Books for autistic little people

First and foremost, any autistic kid will love a book about their interests. If you know what that interest is, you can pop over to Amazon and browse away! If you don’t know, ask their parents. If they don’t know, or you don’t want to or can’t ask, the following books are generally well-received for the under 4-or-so set, especially nonverbal or minimally verbal kids. And, as always, these books are good for ANY kid, autistic or no.

Bright Baby First 100 Words, Large Format – I’ve bought this at least twice, because ours wore out. Clementine, age 3, (with severe autism) likes to put toys or objects on the pictures that match. Sometimes her idea of match is really unique – like a toy platypus on a goose! All the photos are the same size, which helps. We talk about these as we read.

Sandra Boynton board books – These are so fun. They tick many boxes for the little autist: they are a set, they are Different but the Same, they are clear, simple drawings, they have alphabets and numbers, they have daily activities, and they are so cute and funny. 10/10. Just love these.

My First Colors (Tabbed Board Books) – Another picture book, this one arranged by color instead of subject or topic. The tabs are interesting to talk about, and go to each color’s page from the front. This one is more visually complicated, with many photos on a white background.

Then we have books for older kids who won’t tear the pages out:

DK Eye Wonder and Eyewitness books – These are great subject-specific books that little kids can enjoy and older kids can really absorb. (The Eye Wonder series is for younger readers.)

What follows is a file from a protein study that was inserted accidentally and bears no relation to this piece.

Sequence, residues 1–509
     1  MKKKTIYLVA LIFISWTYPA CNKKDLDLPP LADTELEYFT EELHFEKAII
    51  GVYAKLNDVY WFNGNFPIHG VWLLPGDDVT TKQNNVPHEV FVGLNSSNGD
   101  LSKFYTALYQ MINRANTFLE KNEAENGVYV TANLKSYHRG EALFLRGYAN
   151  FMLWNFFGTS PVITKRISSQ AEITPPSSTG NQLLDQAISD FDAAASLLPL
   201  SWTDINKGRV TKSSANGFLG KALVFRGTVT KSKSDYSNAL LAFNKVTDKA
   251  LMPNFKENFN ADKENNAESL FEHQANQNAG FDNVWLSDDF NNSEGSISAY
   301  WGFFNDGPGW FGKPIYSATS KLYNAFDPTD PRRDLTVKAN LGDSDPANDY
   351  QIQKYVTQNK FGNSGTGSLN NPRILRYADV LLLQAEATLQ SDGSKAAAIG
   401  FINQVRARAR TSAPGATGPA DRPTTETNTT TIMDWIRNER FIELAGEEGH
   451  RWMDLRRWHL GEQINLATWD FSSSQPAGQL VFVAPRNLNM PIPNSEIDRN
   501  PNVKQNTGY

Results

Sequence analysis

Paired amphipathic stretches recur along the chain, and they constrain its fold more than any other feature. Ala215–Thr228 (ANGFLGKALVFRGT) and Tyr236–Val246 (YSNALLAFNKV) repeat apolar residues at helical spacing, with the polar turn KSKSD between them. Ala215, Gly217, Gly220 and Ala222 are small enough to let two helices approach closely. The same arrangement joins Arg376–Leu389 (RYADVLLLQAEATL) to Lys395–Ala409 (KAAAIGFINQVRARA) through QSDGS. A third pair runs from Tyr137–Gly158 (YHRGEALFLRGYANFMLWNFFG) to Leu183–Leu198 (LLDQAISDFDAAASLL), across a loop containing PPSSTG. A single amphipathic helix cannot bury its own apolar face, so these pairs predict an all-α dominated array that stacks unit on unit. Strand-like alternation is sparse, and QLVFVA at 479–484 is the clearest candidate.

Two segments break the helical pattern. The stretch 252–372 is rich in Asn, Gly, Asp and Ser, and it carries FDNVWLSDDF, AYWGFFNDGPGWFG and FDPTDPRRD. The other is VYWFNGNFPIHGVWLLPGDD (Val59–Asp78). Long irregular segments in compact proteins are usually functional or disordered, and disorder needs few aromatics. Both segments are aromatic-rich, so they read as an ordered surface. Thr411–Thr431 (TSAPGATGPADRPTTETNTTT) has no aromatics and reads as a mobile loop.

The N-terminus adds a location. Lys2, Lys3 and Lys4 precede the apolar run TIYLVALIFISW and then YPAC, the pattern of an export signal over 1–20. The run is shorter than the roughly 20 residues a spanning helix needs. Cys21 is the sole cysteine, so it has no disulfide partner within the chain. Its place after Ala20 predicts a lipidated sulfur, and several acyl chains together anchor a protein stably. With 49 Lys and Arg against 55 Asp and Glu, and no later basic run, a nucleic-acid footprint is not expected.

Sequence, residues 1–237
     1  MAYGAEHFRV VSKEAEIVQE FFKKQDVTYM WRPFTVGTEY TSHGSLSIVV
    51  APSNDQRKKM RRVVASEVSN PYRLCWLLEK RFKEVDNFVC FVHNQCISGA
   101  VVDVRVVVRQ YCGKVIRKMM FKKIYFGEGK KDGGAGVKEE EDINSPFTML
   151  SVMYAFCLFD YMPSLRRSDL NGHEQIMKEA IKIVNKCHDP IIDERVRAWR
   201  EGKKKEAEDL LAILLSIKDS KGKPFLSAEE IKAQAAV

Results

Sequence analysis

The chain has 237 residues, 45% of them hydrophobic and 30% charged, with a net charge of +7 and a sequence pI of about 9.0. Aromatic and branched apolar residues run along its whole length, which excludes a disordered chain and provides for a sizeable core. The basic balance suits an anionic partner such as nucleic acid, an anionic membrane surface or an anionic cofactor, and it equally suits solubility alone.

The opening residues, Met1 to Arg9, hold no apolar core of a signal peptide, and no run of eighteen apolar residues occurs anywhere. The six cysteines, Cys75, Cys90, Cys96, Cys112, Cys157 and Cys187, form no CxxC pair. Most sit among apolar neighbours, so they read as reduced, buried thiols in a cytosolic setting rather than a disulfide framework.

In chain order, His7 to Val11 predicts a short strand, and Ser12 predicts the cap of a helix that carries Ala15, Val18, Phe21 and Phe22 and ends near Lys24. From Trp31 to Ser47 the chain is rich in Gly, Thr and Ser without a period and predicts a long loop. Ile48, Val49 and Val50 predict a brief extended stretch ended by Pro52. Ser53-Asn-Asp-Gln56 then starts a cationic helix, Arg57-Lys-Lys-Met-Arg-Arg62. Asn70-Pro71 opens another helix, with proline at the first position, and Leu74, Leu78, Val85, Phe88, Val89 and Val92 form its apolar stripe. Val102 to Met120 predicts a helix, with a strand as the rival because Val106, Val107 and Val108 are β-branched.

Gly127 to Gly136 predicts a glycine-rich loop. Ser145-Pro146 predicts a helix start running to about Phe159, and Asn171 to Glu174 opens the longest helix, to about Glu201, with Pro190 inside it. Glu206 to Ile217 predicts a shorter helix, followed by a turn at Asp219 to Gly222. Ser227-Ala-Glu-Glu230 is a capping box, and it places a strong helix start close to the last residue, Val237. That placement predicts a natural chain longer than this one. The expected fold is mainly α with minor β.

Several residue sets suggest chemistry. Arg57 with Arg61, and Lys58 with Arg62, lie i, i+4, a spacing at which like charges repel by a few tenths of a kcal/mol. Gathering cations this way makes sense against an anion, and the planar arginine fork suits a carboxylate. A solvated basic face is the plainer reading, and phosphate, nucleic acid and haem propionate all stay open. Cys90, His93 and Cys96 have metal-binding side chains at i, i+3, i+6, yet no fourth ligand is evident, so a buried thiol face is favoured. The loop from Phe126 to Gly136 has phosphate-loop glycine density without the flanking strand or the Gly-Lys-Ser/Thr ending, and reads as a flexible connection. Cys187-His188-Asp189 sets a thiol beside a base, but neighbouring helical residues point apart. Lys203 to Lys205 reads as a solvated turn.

Chicka Chicka Boom Boom – Autistic kids seem to love letters. At least, mine do. Hyperlexia runs in the family. This vibrantly colored silly story was re-enacted by Bede hundreds of times.

Nursery Rhyme Comics – Nursery rhymes in comic format, with fifty different artists! This one has been worn out at our house.

That’s all for now!

Everything You Need To Ace American History and Timeline

The Big Fat Notebook series is figuring into our homeschool life here this year. We’re using the American History book, Everything You Need To Ace American History In One Big Fat Notebook.Everything You Need To Ace American History In One Big Fat NotebookAbby is using this for high school level history, so it’s not just a middle school text. It’s thorough without being too in-depth, and works very well as a spine to jump off of. Our other trick this year is Timeline, a history card game. We’re putting the cards that correspond to our studies on an actual timeline on the wall. We’ve only got about four cards up so far but it’s looking cool.

Timeline games, all of them

Big Fat Notebook series

The Dark is Rising

The Dark is rising!The Dark Is RisingThis is my favorite middle-grade book ever. It takes place around Christmas, so I read it this time of year, but don’t let that stop you from reading it anytime. It’s urban fantasy, with an 11 year old protagonist. (I first read it at that age.) He’s the youngest of nine children, but I promise that’s not why I have so many kids. It was published in and takes place during the early Seventies, so it features delightfully independent children with no mobile phones or video games, tramping about the South of England. Anyway, he learns he’s magical on his eleventh birthday, and a wise old wizard teaches him how to fight a vast evil. All this about 25 years before our Mister Potter, ye ken.

It’s just The Best. And it’s the second book in the series, but reads just fine out of sequence. You won’t regret this one.

The Dark Is Rising sequence